The idea, according to Lowe's, is the process is largely invisible to the consumer. The second part of the equation is transparent purchase records — a publicly available anonymized list of legitimately purchased items that will help retailers, manufacturers and law enforcement determine whether a product has been stolen. Lowe's said resellers, for example, can check the database to ensure they aren’t buying a stolen good. Lowe’s said the database would not contain personal information.
“We see a future in which technologies like Project Unlock can help the entire retail ecosystem create a great environment for our customers,” said Seemantini Godbole, Lowe’s executive VP, chief digital and information officer.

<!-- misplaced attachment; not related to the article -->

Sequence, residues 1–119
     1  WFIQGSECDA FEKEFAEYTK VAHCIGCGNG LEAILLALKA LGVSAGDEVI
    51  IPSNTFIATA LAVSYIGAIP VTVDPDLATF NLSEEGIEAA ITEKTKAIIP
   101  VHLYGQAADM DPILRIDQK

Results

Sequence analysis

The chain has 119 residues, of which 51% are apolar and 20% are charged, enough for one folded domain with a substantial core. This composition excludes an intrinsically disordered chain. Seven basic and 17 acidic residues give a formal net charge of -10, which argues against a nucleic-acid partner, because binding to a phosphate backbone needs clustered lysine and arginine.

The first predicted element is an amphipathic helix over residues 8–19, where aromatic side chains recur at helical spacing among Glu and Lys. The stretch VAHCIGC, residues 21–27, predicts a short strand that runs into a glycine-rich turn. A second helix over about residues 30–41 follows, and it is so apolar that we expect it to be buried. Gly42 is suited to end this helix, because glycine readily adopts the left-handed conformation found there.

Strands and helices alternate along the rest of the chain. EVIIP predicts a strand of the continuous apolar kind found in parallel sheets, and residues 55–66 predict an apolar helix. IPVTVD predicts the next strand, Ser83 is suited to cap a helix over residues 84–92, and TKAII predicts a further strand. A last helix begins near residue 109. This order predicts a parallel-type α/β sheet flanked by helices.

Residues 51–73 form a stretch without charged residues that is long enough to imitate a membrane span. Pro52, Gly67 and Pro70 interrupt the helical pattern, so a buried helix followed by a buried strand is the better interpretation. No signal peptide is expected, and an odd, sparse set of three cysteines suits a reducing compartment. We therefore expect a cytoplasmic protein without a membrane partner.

According to 2020 data from the National Retail Federation (NRF), organized retail theft represents a $700,000 cost for every $1 billion in sales. Overall, 88% of retailers surveyed said the COVID-19 pandemic resulted in increased risk for their businesses, with a rise in theft and e-commerce fraud, according to NRF’s 2022 National Retail Security Survey.
Walmart CEO Doug McMillon said earlier in December that retail theft could lead to big changes for its stores and customers, including higher prices and store closures, CNBC reported. Target’s Chief Financial Officer Michael Fiddelke in November said shoplifting at its stores had increased about 50% compared to last year.